Finding Your Parenting Style
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As your child becomes proficient in language, you'll find that it's easier to get her to follow your rules if you take the time to explain, in simple terms, why they're for her own good. Children want respect, too, and by explaining your rules you are showing her the kind of respect you want her to learn to give to you.
Although there is no standard set of rules for us to work with as parents, there are lots of wonderful books that provide concrete tips on everything from managing your home to raising your child. In the end, however, you can't raise a child by the book.
You're going to have to work out a style of your very own, building it up from everything you've experienced and observed throughout your own life. You need to have the confidence to listen to your own heart when it comes to raising your children. This can be hard to do—it means risking criticism when your choices differ from what others think you should do. But it's the approach that is most likely to be successful, because it involves being true to yourself and your values. Tap into your own experiences as a child—remembering not just how your mom handled situations but how you, as a child, felt at the time.
Discipline or Punishment?
One of the central issues in childrearing today is how to instill discipline. It used to be easy: Mom said, “Go get the stick” or Dad decided it was time to take a trip out behind the barn with a switch. There wasn't a behavioral problem around that parents couldn't solve with a few well-placed wallops.
Those days are gone. We now understand that when you strike a child you only create fear and humiliation. When you use pain and fear to break the spirit of a child, you give up any chance of earning the respect you think you deserve. What you gain in its place is a very angry child who has learned not to trust the people he loves the most.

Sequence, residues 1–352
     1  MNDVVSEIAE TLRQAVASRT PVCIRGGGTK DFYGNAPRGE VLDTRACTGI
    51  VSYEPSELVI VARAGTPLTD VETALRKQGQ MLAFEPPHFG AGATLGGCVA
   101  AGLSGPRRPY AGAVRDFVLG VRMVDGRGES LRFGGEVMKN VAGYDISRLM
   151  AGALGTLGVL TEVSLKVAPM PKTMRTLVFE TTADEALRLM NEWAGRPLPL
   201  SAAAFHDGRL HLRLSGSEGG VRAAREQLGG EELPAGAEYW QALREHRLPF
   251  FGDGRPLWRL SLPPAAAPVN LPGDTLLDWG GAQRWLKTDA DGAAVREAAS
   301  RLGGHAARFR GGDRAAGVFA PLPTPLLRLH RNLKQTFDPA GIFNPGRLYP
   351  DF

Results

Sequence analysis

When You Have to Say “No”
We need to find alternative ways to maintain appropriate boundaries for our children's behavior. Without these boundaries, children can be amazingly disrespectful and tyrannical. To set limits you must learn how to use the power of a well-timed “no.”
A “no” can be hard to enforce. If your child is a glib talker, he's probably got a million arguments why your every “no” should turn into a “yes.” And it can be exhausting to hold fast in the face of a child's concerted efforts to change your mind. But stick to your guns! Each time you reverse a “no” you chip away at your credibility.
Momma Said There'd Be Days Like This
When my daughter was little I found it hard to enforce rules. By her preteen years she'd become impossible to control. We could have gone on forever like that, but one day I had a real breakthrough. Just before a planned family trip to Disney World, she misbehaved badly. I told her she couldn't come on the trip if she didn't change her behavior. She didn't believe I'd go through with the punishment—and I must admit, it was hard. But I held firm. We went, and she stayed home. I thought she would hate me forever, but our relationship took a turn for the better from that day forward.
It's Intuitive, Not Permissive
Intuitive mothering doesn't mean that you set no rules for your child. After all, children need limits to feel that life is not hurtling out of control. Intuitive mothering just means that you must develop and apply the rules of your household according to your own internal sense of what is right and wrong. You still need to learn to set limits and stick with them.
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Excerpted from The Complete Idiot's Guide to Motherhood © 1999 by Deborah Levine Herman. All rights reserved including the right of reproduction in whole or in part in any form. Used by arrangement with Alpha Books, a member of Penguin Group (USA) Inc.
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